Chocula got more than his fair share of cookies and crackers.  When I tried to give some cookies to Hershey earlier, Chocula managed to get his mouth between the cookie and Hershey every time, sometimes at the very last second.  And, as you can see here, he is enjoying the attention and treats very much.


Scott’s brother and family came by as well, since they don’t live that far away.  This is our youngest niece, Miriam giving Petunia some loving.


This is Sarah with Budreaux.  She and Budreaux became fast friends and she really hated to leave when it was time to go.

I wish I had gotten a picture of Maddie with the sheep.  Next year, Maddie, you will get to go first and I will get a shot of you with the sheep.

black BL fleece

There were some fleeces for sale there as well.  I fell in love with this black Border Leicester fleece, but someone else beat me to it, so it didn’t get to come home with me.  But it was a lovely fleece!

Scott likes to take pictures of interesting textures to use in his art and spent quite a bit of time taking pictures while there.


And, he managed to photo bomb himself in one of them.  Too funny!!!

Sara, thank you for a lovely day and I look forward to coming back next year.  The 2014 calendar I bought from you will be hung up where I can see the pictures every day.

Oct 25
icon1 basicallybenita | icon2 A Little of This, A Little of That | icon4 10 25th, 2013| icon3No Comments »

The Ultimate, Unsung, Unique Umbrella Tree – Bumpershootus umbrelli.


Notice that this tree is in the middle of its blooming cycle with an unopened bud, an umbrella in full bloom and one that is past its prime and ready to fall from the tree.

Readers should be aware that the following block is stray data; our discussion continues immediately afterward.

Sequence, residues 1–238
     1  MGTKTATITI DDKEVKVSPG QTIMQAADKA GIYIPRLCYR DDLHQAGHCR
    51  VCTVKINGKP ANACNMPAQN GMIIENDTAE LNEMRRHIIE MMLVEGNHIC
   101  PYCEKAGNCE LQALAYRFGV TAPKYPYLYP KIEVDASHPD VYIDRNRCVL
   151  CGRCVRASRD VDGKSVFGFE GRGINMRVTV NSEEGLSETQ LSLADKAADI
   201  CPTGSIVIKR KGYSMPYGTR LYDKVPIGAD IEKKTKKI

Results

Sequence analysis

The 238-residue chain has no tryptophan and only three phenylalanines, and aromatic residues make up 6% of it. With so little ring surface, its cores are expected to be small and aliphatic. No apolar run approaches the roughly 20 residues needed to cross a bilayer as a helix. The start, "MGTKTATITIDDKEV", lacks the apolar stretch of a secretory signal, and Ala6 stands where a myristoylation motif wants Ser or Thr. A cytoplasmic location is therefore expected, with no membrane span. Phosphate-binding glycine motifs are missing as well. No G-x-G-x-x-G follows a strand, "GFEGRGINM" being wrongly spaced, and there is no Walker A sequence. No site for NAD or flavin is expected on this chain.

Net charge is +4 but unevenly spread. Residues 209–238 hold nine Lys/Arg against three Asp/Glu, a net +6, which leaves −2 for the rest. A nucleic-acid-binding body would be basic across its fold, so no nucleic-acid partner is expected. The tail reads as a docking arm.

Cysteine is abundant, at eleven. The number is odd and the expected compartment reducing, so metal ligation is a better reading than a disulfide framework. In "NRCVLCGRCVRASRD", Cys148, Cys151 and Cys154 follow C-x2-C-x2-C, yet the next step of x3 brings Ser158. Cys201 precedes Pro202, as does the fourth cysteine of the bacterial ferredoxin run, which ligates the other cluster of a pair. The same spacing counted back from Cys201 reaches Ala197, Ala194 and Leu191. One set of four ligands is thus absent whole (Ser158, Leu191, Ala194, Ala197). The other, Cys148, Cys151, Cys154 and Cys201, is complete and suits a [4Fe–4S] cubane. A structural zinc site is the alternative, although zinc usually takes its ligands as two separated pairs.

These trees usually bloom in the wetter times of the year with spring and autumn being the heights of its season.  At their peak, the flowers from this tree can be dried and used for many years.

If you can find a seed to this rare tree, you, too, can grow it and harvest your own umbrellas.

Oct 24

Guess where I’m going Saturday?

Hug-A-Sheep Day with The Crazy Sheep Lady and all of the gang.  Bring your spinning wheel, your knitting or crocheting and let’s play with some sheep!

Oct 23

Okay, so the past few weeks have been busy.  How busy?  Let’s just say very busy and be done with it.  That busy.

So, my S and T photographs are pretty thin, but here goes.


Scott being Silly at the Kokomo Comic Con.


Skiff of Snow on the cars this morning.  Our first snow of the Season.  This was on the cars only, not the grass, not the road, just on the cars.


My Temporary Dock Pass reflected in the windshield of my car.  This is from the Cincinnati Comic Expo and, yes, it is still on my dash.  Did I mention that it has been busy lately?

I have a cool idea for U, but I need to gather a few supplies in order to do it.

I hope you are having a great week so far.  Happy Humpday!!!

Oct 21

This past Saturday was the 2013 Kokomo Comic Con and Scott and I were there along with a lot of other people.

JS booth

Here is Scott in the Johnny Saturn booth.  Dragon posters, again, were the top sellers and we sold out of several prints once again.  See the two dragon posters on the left on the table cloth overhang?  Those are really hot posters!  That far left one sold out before noon!